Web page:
At most of the tastings I organize, the wines are served blind: the bottles in each flight are kept covered until everyone has tasted through the flight, at which point the bottles are unveiled.
In the past, we've concealed the bottles in narrow brown paper bags provided by the SAQ (the local liquor monopoly). Setting aside ecological concerns, they're just about perfect for the purpose:
- They completely cover the bottles without hugging them, making it difficult for participants to tell whether the bottle is, say, Bordeaux-style with square shoulders or Burgundy-style with sloping shoulders;
- When twisted around the neck of the bottle, they stay in place without clips, ties, tape or fasteners;
- They can be written on, making it easy to avoid mix-ups (we number each bottle according to the order poured; the order is usually random and the numbering is done just before pouring); and
- The bags are disposable -- practical for clean-up, since drips and spills often occur, despite our using wine pourer discs.
Effective today, the SAQ has eliminated all single-use paper and plastic bags from its sales outlets. While thoroughly laudable from a green standpoint, this move has left us wondering how we're going to conceal the bottles at our future tastings. Wrapping them in aluminum foil is probably even less earth-friendly than using disposable paper bags, plus foil gives away the bottle shape and is hard to write on. Some sort of reusable cloth sleeve would be ecological but would probably require a clip or tie and couldn't be written on; I'd also worry about a seam or fold at the bottom destabilizing the bottle and causing it to fall over. Decanters are ideal in theory but not in practice: we usually serve between 12 to 15 wines per event and up to six wines per flight; our storage space is limited; and properly rinsing, washing and drying them between flights and between tastings would be difficult.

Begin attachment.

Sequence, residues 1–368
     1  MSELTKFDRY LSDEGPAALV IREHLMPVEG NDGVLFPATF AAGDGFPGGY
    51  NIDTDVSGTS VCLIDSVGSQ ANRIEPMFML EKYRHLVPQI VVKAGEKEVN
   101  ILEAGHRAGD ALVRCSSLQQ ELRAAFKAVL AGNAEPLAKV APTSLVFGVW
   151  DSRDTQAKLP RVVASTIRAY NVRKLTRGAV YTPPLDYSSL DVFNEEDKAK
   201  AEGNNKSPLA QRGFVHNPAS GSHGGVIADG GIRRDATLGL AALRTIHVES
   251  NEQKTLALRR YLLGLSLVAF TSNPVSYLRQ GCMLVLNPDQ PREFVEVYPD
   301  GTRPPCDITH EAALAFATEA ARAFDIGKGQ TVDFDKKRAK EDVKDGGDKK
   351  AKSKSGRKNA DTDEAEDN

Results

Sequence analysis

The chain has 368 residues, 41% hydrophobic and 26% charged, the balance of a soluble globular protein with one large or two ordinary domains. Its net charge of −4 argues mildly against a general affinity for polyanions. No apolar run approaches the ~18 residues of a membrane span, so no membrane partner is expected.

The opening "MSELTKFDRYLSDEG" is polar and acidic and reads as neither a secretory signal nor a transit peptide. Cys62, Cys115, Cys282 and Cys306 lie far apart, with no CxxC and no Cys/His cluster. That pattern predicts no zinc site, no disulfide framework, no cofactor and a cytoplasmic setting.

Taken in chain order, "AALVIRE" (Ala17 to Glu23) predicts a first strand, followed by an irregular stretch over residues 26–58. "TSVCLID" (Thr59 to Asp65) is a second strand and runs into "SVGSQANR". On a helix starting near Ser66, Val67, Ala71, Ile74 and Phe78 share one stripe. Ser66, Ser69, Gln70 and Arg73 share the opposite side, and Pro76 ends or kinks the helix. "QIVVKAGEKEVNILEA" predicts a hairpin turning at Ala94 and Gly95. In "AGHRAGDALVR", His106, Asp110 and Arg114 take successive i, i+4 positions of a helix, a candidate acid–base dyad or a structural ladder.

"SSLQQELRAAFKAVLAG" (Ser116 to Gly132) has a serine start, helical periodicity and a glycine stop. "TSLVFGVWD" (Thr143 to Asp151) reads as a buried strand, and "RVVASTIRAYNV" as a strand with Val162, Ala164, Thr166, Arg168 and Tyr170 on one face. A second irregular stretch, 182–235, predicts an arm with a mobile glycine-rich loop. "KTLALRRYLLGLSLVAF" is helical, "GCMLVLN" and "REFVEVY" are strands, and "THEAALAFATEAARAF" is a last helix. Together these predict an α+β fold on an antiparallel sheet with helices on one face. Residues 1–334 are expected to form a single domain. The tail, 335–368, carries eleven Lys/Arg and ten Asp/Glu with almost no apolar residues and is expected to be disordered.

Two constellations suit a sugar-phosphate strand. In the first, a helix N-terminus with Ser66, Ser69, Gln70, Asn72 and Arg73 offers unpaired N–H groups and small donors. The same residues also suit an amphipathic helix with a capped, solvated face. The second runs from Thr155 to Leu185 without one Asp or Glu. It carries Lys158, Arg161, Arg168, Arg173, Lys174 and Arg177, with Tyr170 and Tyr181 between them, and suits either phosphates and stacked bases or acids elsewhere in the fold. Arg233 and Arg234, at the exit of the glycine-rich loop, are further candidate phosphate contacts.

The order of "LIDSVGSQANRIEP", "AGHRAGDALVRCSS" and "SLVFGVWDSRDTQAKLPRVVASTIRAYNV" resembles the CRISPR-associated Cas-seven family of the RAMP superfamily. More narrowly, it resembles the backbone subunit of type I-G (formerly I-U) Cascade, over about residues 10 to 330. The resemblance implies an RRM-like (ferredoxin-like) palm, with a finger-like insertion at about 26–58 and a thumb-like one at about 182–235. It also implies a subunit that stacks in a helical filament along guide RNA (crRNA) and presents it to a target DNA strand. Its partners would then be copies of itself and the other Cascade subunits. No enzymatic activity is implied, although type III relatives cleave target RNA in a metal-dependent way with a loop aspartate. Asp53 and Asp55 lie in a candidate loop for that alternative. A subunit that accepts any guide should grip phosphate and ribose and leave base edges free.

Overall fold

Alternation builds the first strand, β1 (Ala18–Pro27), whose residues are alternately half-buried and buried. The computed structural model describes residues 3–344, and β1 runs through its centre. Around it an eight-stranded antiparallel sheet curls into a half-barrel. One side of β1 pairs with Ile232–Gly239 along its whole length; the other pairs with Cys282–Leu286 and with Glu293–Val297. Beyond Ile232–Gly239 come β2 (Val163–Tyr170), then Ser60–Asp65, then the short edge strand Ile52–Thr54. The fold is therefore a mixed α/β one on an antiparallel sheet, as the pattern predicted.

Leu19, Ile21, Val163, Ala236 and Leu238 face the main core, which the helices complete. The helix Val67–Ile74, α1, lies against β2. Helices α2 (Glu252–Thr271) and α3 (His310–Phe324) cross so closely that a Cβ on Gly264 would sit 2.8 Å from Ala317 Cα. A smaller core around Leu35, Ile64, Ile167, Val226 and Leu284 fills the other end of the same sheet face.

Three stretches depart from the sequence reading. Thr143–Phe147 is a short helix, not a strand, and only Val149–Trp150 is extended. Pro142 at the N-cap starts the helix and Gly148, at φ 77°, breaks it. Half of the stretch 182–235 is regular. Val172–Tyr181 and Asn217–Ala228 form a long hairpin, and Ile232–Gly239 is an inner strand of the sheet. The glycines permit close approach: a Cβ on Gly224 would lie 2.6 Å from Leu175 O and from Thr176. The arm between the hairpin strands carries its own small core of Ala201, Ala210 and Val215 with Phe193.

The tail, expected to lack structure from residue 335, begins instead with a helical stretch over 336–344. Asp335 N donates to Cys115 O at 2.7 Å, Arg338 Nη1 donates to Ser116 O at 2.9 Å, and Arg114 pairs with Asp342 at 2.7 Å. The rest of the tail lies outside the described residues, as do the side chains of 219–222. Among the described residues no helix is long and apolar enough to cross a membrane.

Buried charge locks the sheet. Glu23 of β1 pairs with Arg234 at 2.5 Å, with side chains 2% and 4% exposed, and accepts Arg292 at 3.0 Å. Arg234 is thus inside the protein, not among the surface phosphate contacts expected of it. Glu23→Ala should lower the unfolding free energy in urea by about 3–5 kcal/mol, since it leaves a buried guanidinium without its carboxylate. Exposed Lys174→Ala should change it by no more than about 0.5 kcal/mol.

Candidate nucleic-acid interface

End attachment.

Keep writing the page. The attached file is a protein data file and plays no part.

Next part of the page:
Any ideas for helping us out of our predicament? Has some enterprising merchant developed a solution? Thanks!